3. Tchum Shabbos – One may not go more than 2,000 amos (about two-thirds of a mile) past the end of the town in which he is located when Shabbos begins.16  Therefore, one may not travel from one city to the next once Shabbos has begun – even if a gentile is driving.17  Furthermore, one may not be in a taxi or on a train when Shabbos begins (at sunset) if he will leave the tchum on Shabbos.  One should not fly on a plane that will take off or land on Shabbos.18  Similarly, one should not board a train or plane – even before Shabbos – which will depart on Shabbos.19

Generally, if one reaches his destination from outside the tchum on Shabbos, one may only walk four amos (about 7 feet) in each direction.20  In this case, we do not consider the entire city as inside his tchum.  However, the following are considered “inside four amos”:

a) Inside one building21 (e.g. airport or home)
b) A fenced-in area that includes a place where people generally eat and sleep (mukefes chomah l’dirah).
c) Inside an eruv.  For example, if someone from outside the tchum came b’issur (in a way that was halachically prohibited) on Shabbos to Northwest Baltimore, where there is an eruv, he would be allowed to walk anywhere inside the eruv.22

Furthermore, if one cannot stay in this location for the following reasons, one may go to the closest safe location:

a) If one is being forced to leave his current location.  For example, if one arrives at a train station which is not open 24 hours.
b) If one needs to go to the bathroom, and none are available at his current location.23
c) If his current location is a dangerous place.

If one boarded a plane thinking he would land before Shabbos, but then the plane ran late and landed on Shabbos, one must remain in the airport building for the entire Shabbos.  One must de-plane before takeoff if he realizes he will land after Shabbos starts.  If the airport will close (e.g., a small town airport), one may take a taxi to the closest safe location.

IV. What to Do In Specific Situations

A. Driving – Ideally, when one realizes that he will not reach his destination before Shabbos, he should find a hotel or safe rest stop before Shabbos begins.  It is advisable to do this as early as possible before Shabbos.  If it is close to sunset, one must exit, park his car and lock his possessions in the car (or find a gentile who will watch them on Shabbos) before sunset.  He should then walk to his destination (if it is within the tchum).  One may continue to drive if it is dangerous to stay where he is.  He must stop driving when it is safe enough to walk.24 For example, if one exited the expressway near his house and it is after sunset, he must get out of the car and walk the rest of the way.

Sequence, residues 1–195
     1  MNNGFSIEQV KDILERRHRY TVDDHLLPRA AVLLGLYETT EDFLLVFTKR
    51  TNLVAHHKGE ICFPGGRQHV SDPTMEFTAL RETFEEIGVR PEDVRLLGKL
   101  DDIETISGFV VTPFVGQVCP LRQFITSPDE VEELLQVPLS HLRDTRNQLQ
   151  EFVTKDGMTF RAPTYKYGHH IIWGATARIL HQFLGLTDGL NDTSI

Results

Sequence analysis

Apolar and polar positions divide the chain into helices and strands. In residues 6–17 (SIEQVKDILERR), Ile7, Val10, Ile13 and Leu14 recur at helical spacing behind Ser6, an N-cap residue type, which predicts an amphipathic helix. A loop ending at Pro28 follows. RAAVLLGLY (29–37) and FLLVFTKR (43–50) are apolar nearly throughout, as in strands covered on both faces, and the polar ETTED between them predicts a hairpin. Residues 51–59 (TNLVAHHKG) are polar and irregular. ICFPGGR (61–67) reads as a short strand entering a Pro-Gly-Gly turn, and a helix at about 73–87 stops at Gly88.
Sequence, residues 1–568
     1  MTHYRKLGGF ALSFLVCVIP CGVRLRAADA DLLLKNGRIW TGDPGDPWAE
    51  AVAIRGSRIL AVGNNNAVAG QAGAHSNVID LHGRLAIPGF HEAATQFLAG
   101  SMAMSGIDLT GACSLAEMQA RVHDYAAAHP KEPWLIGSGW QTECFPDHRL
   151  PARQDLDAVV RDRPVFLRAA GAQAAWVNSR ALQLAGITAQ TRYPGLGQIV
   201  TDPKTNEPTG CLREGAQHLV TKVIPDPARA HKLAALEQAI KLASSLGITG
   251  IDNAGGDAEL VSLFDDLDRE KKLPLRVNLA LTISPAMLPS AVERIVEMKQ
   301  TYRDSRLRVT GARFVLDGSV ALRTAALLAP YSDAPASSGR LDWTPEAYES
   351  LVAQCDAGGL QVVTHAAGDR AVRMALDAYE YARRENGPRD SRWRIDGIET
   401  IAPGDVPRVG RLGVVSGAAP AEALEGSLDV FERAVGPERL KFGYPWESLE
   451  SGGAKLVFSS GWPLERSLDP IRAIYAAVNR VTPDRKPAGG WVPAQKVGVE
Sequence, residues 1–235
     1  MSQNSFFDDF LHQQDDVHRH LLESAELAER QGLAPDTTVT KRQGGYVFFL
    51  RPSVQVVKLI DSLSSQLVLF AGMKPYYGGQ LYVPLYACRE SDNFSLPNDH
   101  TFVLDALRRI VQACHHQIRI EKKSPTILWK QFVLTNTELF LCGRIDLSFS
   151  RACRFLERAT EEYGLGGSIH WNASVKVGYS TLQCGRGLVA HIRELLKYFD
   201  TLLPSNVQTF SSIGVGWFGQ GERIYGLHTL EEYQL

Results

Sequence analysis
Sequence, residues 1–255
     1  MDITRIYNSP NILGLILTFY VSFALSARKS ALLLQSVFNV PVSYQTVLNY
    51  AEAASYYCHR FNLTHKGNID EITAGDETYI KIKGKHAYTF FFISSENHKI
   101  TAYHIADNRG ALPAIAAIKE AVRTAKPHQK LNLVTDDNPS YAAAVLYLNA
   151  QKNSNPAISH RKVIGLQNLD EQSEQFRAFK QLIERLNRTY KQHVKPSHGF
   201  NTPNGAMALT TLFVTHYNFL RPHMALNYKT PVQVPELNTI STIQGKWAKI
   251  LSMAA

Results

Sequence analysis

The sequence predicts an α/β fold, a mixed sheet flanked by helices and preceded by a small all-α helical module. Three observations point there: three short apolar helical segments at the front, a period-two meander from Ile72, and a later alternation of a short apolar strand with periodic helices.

B. Train or Bus (driven by a gentile) – One must get off before sunset.  If one is in the tchum when Shabbos begins, b’shaas hadechak one may stay on the bus or train until one reaches his destination.  If one will leave the tchum (e.g., one is in Edison, NJ at sunset and the train is going to New York), one must get off before sunset.  If this is not possible (e.g., the train or bus driver will not let him off, or if it is a dangerous location), upon arriving at his destination, he may only walk four amos.

C. Plane – As indicated above, one should not be on a plane that will take off or land on Shabbos. If one was on a plane in the air when Shabbos began, the following applies when landing:  If the airport one lands in is inside the tchum of the city and one was over the city at sunset (e.g., a flight into Midway Airport and at sunset the plane was over Metropolitan Chicago), upon landing, one may walk anywhere in the city (e.g., all of Chicago).  However, if the plane was outside the tchum25 of the destination at sunset, or the airport is outside the tchum, one must stay in the airport building for the entire Shabbos.

D. Taxi – As discussed earlier, if necessary, one may travel by taxi during twilight.  This is true, whether he enters the cab before or after sunset.  If he enters the cab after sunset, the driver should open the door for him.  The driver should also open the door when he reaches his destination.  After Tzais Hakochavim, one may stay in the taxi driven by a gentile driver if one is ill or in a dangerous location.  Some poskim allow one to stay in the taxi (or have a gentile drive his car) after nightfall in cases where there will be a significant monetary loss, or if one lacks basic necessities (e.g., he will have to spend Shabbos in his car). Upon reaching ones destination, to avoid handling muktza, the taxi driver should be shown where the money for payment is.26

It is important to remember that when one needs to travel on erev Shabbos, it should be done in a way that does not risk sacrificing “kavod and oneg Shabbos”, and which does not lead, chas v’shalom, to chillul Shabbos.  Although it is impossible to anticipate every possible scenario when traveling on erev Shabbos, it is important that our plans not compromise or jeopardize our observance of Shabbos and kavod v’oneg Shabbos.  This will allow our families to serve the Ribbono Shel Olam through the “Hailige Shabbos” – l’shaim ul’tiferes.

 

1. Ideally, if time permits, one should consult with his/her Rav to determine the ideal course of action, as each case is different.  What follows are general guidelines that obviously cannot cover every possible scenario. For further detailed explanations of these halachos, see Sefer Yoshav Ohel by Rabbi Avrohom Ort and “Halachos for the Traveler” by Rabbi Doneel Epstein.

2. These halachos are discussed in Shulchan Aruch Orach Chaim (O.C.) Siman 248 and 266.